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Reviews of canned feline feed.

Thursday, 5 November, 2009

My companion has worked through a number of commercial feeds. We are now able to offer reviews of some of these products. Kibble and water are available at all times. Bob gets canned food twice a day, or upon request. My search for exotic pet food started when this former stray simply did not recognize chicken, turkey, beef, or fish feline-feed blends as food.

A case is 24, 5½ ounce cans. A bag is 4 lbs.

Addiction Foods, New Zealand Brushtail & Vegetables Entrée

Brushtail is a rodent indigenous to New Zealand and Australia. It is considered a pest and the wild-caught animals are used for animal feed. This product arrived to the United States during 2001. Bob tired of this food before 30 days. He would eat about a third of a can at a time twice a day. His coat is amazingly soft and oily with this feed. I see even more glimmer when Bob sits in the sun. His kibble intake did not go up, and he may have lost weight.

This feed is specifically marketed to cats allergic to common poultry blends, lamb or beef. I have purchased this product locally for $2.39/can and online for $41.99/case.

Crude Protein (min.) 11%
Crude Fat (min.) 5%
Crude Fiber (max.) 1%
Moisture (max.) 80%
Ash (max.) 3%

Nutro, Natural Choice Complete Care Kitten Chicken & Liver Formula Chunks in Gravy

During our first days together, this is the only thing I could get him to eat. He was eating at least four of these 79¢ pouches per day. I am not entirely comfortable with the kind of cat food you can get at the big-box stores, especially after a series of recalls during 2007 and 2008. I am less comfortable with the fact that this is made by Mars, the same folks who bring you the Three Musketeers bar and Whiskas. The fourth ingredient on the label is wheat gluten, for Pete’s sake.

Bob did manage to survive, and even thrive on this stuff. You will note, even though this is a product branded as kitten food, it has less protein and fat than the all-life-stages feed above.

Crude Protein (minimum) 9.00%
Crude Fat (minimum) 4.50%
Crude Fiber (maximum) 1.00%
Moisture (maximum) 82.00%
Ash (maximum) 2.50%

This is Bob’s only feed not specifically marked “all life stages”.

My assessment of big-box pet feed isn’t entirely fair. Organix, Natural Balance, Blue Buffalo, Solid Gold and Wellness are available at some big-box stores and are well regarded. Not that Bob would eat any of those.

Taste of the Wild, Rocky Mountain Feline Formula (kibble)

Despite its overly ambitious name and velvet-painting packaging, this is an especially well regarded feed which is not well distributed. Among my goals with discovering a  feed for my Bob is to find something available locally. Taste of the Wild is carried by two local pet-supply chains. The primary protein is chicken, tempered with venison, salmon and a sweet potato binder. This kibble is completely free of wheat or corn. While I shop for something even more appropriate, this is Bob’s daily feed which is available at all times.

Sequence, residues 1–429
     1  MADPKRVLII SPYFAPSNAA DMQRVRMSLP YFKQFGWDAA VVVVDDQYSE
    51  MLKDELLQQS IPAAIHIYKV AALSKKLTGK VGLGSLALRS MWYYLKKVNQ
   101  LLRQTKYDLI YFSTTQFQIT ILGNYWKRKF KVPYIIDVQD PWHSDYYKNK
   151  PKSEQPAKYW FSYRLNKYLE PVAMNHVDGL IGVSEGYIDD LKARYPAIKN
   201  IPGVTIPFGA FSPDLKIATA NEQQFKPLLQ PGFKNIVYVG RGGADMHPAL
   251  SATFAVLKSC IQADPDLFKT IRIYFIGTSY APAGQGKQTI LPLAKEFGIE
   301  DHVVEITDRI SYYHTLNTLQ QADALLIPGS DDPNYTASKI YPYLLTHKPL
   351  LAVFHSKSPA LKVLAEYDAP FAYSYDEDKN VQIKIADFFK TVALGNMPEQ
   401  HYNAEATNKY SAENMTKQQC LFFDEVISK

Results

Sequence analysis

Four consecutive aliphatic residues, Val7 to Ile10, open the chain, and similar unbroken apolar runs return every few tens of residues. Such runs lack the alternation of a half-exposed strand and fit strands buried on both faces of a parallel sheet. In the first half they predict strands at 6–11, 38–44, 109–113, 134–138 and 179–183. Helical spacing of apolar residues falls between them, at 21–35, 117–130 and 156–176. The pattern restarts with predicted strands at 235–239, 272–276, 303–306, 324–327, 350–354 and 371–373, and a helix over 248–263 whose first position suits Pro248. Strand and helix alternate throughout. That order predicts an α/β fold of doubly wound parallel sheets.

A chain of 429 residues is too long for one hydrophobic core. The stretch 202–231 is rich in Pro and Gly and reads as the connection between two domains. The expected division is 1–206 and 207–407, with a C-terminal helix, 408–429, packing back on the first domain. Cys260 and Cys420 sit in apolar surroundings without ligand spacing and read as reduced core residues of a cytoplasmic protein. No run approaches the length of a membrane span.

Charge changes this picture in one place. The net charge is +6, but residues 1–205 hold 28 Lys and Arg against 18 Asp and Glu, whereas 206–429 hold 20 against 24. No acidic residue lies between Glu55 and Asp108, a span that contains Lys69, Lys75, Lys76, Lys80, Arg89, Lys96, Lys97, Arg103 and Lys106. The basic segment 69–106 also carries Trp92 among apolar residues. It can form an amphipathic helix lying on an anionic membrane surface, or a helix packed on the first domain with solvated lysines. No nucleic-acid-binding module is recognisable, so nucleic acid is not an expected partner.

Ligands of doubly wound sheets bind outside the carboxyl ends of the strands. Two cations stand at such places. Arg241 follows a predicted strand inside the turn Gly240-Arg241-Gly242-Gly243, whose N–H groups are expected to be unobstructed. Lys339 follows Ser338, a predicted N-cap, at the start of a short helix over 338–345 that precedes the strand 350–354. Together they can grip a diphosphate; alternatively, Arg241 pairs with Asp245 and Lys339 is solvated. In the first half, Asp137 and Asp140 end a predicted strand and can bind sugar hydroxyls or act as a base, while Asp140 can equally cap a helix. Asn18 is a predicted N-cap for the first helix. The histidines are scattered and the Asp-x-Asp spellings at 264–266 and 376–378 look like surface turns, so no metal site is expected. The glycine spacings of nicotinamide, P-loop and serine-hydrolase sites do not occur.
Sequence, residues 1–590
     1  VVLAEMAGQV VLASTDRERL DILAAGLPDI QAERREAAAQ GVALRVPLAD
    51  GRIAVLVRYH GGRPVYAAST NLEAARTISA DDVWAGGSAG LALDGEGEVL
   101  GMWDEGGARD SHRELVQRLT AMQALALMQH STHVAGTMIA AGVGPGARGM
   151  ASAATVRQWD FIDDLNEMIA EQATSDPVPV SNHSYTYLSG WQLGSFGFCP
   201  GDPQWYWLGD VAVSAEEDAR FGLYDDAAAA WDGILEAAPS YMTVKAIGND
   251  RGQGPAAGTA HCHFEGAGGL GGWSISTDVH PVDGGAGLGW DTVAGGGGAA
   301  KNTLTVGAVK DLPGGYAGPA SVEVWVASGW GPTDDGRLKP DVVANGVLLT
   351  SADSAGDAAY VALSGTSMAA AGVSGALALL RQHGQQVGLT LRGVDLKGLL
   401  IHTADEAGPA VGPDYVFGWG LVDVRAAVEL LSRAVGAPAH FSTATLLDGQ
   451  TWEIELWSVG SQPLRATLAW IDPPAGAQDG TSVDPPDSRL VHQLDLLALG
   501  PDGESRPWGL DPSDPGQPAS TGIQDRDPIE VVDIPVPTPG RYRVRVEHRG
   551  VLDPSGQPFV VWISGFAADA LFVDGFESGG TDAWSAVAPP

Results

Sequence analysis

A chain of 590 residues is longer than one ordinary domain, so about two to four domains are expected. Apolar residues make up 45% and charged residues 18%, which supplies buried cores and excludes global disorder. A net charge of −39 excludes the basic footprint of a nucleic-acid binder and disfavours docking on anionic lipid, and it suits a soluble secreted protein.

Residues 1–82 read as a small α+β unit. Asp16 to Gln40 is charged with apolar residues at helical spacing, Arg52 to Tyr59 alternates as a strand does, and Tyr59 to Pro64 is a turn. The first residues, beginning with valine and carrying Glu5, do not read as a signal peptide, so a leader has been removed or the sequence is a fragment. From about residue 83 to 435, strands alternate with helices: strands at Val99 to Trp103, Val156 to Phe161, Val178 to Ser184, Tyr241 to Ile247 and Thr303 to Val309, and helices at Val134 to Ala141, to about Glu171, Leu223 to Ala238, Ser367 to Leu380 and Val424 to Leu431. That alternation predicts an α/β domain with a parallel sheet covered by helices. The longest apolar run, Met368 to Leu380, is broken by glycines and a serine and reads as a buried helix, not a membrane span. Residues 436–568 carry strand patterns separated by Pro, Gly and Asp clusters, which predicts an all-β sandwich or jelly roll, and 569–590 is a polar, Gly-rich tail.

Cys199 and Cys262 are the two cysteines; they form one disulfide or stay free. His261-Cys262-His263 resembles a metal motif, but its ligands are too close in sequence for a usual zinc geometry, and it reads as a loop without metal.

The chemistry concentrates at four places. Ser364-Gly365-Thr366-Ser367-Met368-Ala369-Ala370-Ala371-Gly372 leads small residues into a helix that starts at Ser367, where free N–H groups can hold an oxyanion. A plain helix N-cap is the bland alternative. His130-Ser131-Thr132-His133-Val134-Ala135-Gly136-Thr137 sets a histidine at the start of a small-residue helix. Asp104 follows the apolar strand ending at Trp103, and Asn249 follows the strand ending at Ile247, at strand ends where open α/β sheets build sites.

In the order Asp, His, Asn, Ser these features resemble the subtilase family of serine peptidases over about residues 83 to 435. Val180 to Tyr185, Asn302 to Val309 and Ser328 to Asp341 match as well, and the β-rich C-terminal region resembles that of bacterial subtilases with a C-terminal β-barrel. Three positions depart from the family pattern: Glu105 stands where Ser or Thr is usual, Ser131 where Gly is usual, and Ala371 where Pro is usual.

Crude Protein 42.0% Minimum
Crude Fat 18.0% Minimum
Crude Fiber 3.0% Maximum
Moisture 10.0% Maximum

A bag runs about $10 and Bob eats it in a little more than a month.

Nervous about Bob not eating very much while feeding him the Addiction Brushtail formula, I resorted to the abject desperation move of cat fanciers. The people who make the cat food you can buy at the grocery store do something to that feed which makes cats want to eat corn. During my weekly sojourn to the grocery I discovered something I never imagined I would find.

Natural Life Pet Products, Lamaderm® Lamb & Rice Platter and Chicken & Veggie Platter

Clearly these people use a different definition of platter than I do. This was more of a foam.

The first five ingredients in both formulas are inoffensive. The most concerning are flax seed and rice flour. As far as grocery-sourced formulas go, this is a spectacular product. At a mere 90¢ per can, I suspect many cats shall get somewhat better feed quite soon. I remain stunned that a low-priced, acceptable-quality feed is widely distributed. It shall not become Bob’s daily dish, but he practically inhaled half-cans of both formulas.

Please note: Natural Life’s dry formulas are pretty much the same semi-toxic crap you find under other labels at the same price point.

Crude Protein 10.00%(min)
Crude Fat 5.00%(min)
Crude Fiber 1.50%(max)
Moisture 78.00%(max)
Ash 3.00%(max)

Natural Life’s canned formulas have more protein and fat, and less moisture and ash than the much higher-priced Nutro above.

Nature’s Variety, Homestyle from the Prairie, Beef, Lamb and Duck formulas.

The contents of these cans look like food. I know that doesn’t mean anything, but it does something for me. I originally purchased a selection of Homestyle from Austin’s priciest pet shoppe. The ingredient lists offer no red flags and each of these are quite palatable according to my roommate. The reason I purchased these was they were on clearance for half price. This proved unwise as once it was established that this feed met all of my other requirements, it was no longer available locally. I found the entire line online for a mere $31.49/case

Enter K9 Cuisine. If you order $50, they eat the shipping charges. Just two cases of cat food, at 70% of the local price, tops $50 and it comes via Fedex Ground in four or five days. They also offer free samples of selected kibbles which is coming in handy as I shop for something new for young Robert. This time around we’ll try Solid Gold Katz-N-Flocken.

The only problem being where do I store 72 cans of cat food in my modest home?

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